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Five Steps to Take When You're in the Retirement Red Zone

Michael Mechler CFP® CBEC®
February 24, 2022

You’ve spent your working life building toward retirement, creating your financial nest egg and anticipating a less stressful lifestyle. As you get into the retirement red zone — those last three to seven years before retirement — taking the five steps below may help you cross the goal line and enter retirement financially prepared to achieve your dreams.

 

1. Honestly evaluate income and expenses

Make an honest but conservative estimate of your projected retirement income. Make an honest, but aggressive estimate of your retirement expenses, remembering to factor in the potential impact of inflation as well as how living costs may change in retirement. This approach may allow for wiggle room in your expected retirement budget.

 

2. Outline your needs, wants and wishes

Think about things you must have in retirement, things you want to have and things you wouldn’t mind having if possible — and what each will cost. What goes into each category depends on your individual priorities. For some people, a 5,000 square foot home is a must, while for others, leaving a legacy might be a top priority.

One need for nearly everyone is an emergency fund. Natural disasters, health disasters or a recession are just a few times when emergency savings can be helpful. Keeping the money in a liquid form makes it easy to access when needed. For some people, a home equity line of credit or a brokerage account line of credit may be a sensible option.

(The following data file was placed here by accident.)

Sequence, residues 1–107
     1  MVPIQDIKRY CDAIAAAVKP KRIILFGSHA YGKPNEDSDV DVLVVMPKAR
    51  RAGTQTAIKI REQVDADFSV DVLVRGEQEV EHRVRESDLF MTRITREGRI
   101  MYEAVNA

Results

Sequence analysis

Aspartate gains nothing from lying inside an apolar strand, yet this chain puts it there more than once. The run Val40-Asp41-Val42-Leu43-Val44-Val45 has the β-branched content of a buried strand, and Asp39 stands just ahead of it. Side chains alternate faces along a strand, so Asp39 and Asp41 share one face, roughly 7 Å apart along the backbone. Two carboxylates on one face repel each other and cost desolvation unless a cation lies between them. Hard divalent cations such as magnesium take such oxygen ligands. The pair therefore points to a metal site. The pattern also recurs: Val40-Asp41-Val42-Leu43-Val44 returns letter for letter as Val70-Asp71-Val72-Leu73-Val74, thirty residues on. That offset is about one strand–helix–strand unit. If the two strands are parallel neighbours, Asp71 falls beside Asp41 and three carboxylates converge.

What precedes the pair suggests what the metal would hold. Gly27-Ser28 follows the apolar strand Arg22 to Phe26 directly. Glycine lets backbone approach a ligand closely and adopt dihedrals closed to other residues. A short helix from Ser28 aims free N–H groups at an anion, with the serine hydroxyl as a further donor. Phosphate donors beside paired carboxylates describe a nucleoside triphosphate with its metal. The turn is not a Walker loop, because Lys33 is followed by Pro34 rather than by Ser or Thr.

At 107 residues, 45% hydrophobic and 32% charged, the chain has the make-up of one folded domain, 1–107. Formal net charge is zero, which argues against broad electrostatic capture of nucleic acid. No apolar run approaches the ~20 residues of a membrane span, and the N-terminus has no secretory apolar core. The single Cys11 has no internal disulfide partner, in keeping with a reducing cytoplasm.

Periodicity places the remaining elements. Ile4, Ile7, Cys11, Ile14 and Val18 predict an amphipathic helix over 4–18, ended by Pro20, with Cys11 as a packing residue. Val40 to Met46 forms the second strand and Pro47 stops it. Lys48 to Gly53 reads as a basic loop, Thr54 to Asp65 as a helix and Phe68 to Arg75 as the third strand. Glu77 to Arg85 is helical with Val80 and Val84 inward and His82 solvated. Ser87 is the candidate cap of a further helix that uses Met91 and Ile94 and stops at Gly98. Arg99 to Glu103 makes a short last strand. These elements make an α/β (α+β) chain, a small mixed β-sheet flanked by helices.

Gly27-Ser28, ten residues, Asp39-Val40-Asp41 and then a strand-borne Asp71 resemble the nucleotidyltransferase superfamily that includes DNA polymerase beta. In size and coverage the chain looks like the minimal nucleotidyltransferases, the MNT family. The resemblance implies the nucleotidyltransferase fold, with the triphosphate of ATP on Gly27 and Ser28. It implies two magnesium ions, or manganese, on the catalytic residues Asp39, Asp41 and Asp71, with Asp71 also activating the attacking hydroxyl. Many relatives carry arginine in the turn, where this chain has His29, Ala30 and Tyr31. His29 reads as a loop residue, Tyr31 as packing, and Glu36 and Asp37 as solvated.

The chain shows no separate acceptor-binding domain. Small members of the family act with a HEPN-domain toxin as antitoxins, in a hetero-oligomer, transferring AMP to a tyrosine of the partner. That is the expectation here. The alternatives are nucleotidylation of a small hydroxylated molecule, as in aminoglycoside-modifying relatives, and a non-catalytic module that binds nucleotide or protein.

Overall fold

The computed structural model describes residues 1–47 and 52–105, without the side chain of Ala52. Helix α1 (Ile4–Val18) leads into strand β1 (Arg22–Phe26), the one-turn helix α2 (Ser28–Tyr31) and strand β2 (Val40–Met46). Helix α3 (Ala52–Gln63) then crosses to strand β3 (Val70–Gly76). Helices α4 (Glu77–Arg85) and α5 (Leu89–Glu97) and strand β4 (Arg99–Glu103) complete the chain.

5 Steps to Take When You're in the Retirement Red Zone

 

3. Get a complete financial picture

Ideally, this means gathering all your accounts into a place where you can easily view them. It can be helpful to understand what types of accounts you have, what each is designed to do, why you have that type versus an alternative, how each account is performing and where it’s held.

It’s not uncommon for people to accumulate numerous accounts over time. For example, one client had roughly 20 different investment accounts by age 40. In cases like this, consolidating some accounts may make sense, potentially making it easier to monitor, balance and manage tax efficiency of all an individual’s accounts.

 

4. Identify all income streams

It’s important to understand where retirement income will come from, and it can be particularly helpful to identify reliable or secure income sources. These are investment options that tend to be less market dependent and more stable than stocks. For some people, that includes pensions. For many people, Social Security will form a large portion of their retirement income and evaluating when to begin taking benefits is a critical decision.

For example, one client expected to have a good 401(k) income and relatively low expenses during retirement. Yet, when we ran some scenarios, he realized that his income would fall short if he retired at his preferred age of 62 or 63. But by waiting just a few years, his Social Security benefit would be enough to make up the short fall.